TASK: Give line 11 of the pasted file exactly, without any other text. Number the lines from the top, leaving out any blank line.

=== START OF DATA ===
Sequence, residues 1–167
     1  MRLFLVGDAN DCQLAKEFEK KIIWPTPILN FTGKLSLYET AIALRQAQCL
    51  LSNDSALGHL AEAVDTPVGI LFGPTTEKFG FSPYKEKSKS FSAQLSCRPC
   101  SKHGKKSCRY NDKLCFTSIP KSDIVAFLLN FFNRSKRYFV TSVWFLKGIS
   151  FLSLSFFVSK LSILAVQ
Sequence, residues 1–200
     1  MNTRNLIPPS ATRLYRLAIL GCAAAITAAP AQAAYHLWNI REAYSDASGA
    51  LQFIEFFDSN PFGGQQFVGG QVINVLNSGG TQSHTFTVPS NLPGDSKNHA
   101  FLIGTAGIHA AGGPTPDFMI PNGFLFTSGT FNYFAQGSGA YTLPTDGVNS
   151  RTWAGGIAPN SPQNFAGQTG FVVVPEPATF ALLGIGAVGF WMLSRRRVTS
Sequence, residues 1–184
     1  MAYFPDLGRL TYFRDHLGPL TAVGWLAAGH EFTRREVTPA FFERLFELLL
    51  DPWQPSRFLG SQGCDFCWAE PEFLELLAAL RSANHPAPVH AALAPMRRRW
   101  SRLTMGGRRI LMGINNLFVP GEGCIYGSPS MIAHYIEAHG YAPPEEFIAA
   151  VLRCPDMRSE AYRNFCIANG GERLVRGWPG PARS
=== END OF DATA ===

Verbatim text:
Sequence, residues 1–184